Self-Care in Pandemic Winter Months

Self-care, winter, pandemic, acupuncture

When you hear the words “self-care,” you might think of someone treating themselves to a day at the spa, or indulging in a luxurious vacation away from work. That is not what it signifies. Self-care is not indulgence, nor is it drudgery. Rather, it means actively taking measures- big or small - that help refuel and contribute to well-being. In other words, it is an investment in one’s overall health. True wellness includes the physical, emotional, spiritual, mental, and social aspects of life. If one area is neglected or abused, a person is not in genuinely good condition. (For example, a great athlete who runs 10 miles a day but drinks excessive amounts of alcohol in quarantine is not really “living well.”)


Right now, we have great news that the coronavirus vaccines are on their way, but winter is upon us and we still need to lead socially distant lifestyles in the meantime. Threat of illness, unemployment, remote learning, and loneliness are some of the problems facing us collectively in these dreary winter months. In many of the patients I have treated during pandemic, feelings of depression and anxiety, poor habits with diet, work and exercise, and a lack of social interaction have caused many to lose the routines that once kept them feeling whole and happy. Now, ahead of winter doldrums, is the time to think things over and address some areas that could use improvement. What unhealthy habits do you want to give up? What steps might you take to care for yourself in a better way? Self-care practices incorporated right now will be easier to maintain over the next few months. Have a look at the following and ask yourself if you need to make some changes.


Physical- Are you sleeping enough? Eating a nutritious diet? Drinking too much alcohol? Addressing your injuries or illnesses? Do you have a regular exercise regimen? Do you keep your doctor appointments and take your medications/supplements as prescribed? Are you depleted from overwork? Good self-care might be making sure you sleep at least 7-8 hours every night. Or seeing your acupuncturist for that nagging back pain! Or taking a brisk walk each day outdoors, despite the weather, and so on.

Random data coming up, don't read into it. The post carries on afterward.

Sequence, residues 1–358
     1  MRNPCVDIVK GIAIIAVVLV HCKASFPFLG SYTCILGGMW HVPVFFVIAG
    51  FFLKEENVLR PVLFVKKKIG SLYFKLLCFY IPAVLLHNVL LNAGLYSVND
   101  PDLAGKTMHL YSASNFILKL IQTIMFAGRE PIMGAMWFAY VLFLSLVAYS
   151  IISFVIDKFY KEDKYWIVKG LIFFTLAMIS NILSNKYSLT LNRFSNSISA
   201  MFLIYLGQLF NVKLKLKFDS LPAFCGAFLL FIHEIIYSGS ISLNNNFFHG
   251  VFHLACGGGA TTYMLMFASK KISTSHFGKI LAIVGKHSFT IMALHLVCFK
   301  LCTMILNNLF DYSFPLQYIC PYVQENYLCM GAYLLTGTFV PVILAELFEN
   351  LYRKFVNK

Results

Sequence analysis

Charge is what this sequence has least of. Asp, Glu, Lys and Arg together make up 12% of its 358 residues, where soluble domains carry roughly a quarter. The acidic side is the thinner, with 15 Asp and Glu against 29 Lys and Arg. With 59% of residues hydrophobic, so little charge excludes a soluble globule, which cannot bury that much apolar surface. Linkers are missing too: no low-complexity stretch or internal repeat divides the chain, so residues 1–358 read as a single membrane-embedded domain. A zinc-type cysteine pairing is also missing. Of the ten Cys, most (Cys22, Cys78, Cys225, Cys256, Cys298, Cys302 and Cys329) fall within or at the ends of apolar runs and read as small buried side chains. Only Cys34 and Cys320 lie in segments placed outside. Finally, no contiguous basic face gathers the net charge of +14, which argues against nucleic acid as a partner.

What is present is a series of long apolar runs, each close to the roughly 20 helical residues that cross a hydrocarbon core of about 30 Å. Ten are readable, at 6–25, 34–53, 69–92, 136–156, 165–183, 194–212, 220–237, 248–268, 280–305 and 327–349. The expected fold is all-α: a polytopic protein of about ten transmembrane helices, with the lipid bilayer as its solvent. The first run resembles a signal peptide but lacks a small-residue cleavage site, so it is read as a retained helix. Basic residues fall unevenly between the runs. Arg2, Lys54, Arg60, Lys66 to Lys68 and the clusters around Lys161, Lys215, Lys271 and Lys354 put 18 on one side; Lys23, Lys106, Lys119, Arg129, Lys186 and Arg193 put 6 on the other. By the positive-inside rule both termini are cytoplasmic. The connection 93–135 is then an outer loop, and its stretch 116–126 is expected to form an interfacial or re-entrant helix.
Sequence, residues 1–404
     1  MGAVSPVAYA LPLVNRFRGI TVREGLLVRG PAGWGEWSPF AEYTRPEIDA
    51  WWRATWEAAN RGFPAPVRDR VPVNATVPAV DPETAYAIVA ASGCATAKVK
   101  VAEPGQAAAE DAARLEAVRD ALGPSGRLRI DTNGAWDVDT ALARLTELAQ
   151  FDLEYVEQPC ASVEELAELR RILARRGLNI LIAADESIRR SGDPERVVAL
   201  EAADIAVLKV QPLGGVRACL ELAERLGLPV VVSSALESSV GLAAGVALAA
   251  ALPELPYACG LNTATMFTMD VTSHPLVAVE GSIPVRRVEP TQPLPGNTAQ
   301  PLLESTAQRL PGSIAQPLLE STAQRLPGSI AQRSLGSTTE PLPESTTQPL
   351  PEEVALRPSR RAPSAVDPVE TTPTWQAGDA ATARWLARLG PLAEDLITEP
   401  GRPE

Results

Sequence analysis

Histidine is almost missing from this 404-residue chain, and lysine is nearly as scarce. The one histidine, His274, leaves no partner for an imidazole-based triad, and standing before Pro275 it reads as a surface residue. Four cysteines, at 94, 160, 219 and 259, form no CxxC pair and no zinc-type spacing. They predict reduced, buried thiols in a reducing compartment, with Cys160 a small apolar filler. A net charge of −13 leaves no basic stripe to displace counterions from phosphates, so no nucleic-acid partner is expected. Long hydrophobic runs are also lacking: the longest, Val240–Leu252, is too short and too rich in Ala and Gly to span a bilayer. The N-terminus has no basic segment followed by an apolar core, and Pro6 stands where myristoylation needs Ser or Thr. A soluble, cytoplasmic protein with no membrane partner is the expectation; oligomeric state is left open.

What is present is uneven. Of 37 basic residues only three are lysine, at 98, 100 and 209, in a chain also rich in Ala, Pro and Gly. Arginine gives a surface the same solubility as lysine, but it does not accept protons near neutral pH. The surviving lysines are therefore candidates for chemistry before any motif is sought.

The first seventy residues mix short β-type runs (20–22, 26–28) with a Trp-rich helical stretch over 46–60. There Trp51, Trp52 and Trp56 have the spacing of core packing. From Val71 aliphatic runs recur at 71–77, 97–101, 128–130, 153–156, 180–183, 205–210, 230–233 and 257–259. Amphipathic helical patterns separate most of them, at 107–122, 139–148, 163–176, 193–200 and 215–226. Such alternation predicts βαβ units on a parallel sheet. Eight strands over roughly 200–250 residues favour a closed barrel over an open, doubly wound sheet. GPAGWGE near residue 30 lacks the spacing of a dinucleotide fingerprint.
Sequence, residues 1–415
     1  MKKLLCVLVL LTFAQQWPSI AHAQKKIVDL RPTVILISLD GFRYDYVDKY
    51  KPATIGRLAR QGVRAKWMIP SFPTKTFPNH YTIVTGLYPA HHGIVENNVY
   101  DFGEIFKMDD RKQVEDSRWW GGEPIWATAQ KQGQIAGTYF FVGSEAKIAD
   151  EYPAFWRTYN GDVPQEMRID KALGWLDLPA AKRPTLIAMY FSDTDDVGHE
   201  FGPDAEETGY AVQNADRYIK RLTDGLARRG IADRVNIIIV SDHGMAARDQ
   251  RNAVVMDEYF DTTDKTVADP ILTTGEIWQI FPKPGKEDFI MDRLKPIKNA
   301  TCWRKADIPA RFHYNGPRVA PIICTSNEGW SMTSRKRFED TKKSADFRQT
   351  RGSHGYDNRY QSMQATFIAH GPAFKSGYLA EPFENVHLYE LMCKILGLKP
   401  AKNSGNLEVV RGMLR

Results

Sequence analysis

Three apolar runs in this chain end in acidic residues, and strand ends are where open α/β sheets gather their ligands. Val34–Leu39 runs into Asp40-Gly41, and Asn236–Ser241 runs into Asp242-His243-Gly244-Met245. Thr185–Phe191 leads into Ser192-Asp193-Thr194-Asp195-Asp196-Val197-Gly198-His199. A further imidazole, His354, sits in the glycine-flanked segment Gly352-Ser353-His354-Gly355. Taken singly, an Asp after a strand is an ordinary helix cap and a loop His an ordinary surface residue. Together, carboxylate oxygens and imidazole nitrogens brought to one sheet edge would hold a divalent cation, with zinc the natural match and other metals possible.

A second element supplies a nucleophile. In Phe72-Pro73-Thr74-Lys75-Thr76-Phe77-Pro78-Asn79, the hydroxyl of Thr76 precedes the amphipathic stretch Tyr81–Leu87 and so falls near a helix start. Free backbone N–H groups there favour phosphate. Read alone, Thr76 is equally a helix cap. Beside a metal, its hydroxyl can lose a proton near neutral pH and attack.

Emotional- Do you feel depressed or anxious? Do you have a healthy way of expressing your emotions? Do you bottle up your feelings? Do you know how to say “no” to toxic people who drain your energy? Emotional imbalances like anxiety and depression may be addressed through acupuncture, and I have been treating them constantly for the past several months. Psychotherapy has never been more in demand, and it is a welcome way to reframe and rework problems and behaviors. Meditation is a great tool to develop equanimity, and many online classes (e.g., NY Insight Meditation Center, or apps like Headspace and Calm can teach you the basics.

Social- Humans are social creatures and even introverts need social contact. Are you connecting with people regularly during this isolating time? Even without all the options we are used to, we still need to find ways to interact with others, whether it’s socially distant visits with loved ones, online groups through which we meet new people, or zooming with friends to keep those relationships going.

Mental- Are you getting enough mental/intellectual stimulation? Reading negative news may foster a bad frame of mind. Engaging in positive self-talk and mental stimulation (books, puzzles, online classes, etc.)not only benefits your brain, but is uplifting.

Spiritual- This is perhaps the most overlooked aspect of health, but one that can transcend all others. Learning how to meditate and maintaining a spiritual practice (not necessarily religious) can elevate overall well-being and bring you a greater sense of meaning and purpose.


Exercising self-care does not need to be monumental (it might be as simple as going to bed 30 minutes earlier), but it may require some planning. Each person has his or her own unique strategy. Eliminate what is not serving you. And remember to do something that uplifts and relaxes you every single day, for your own good.


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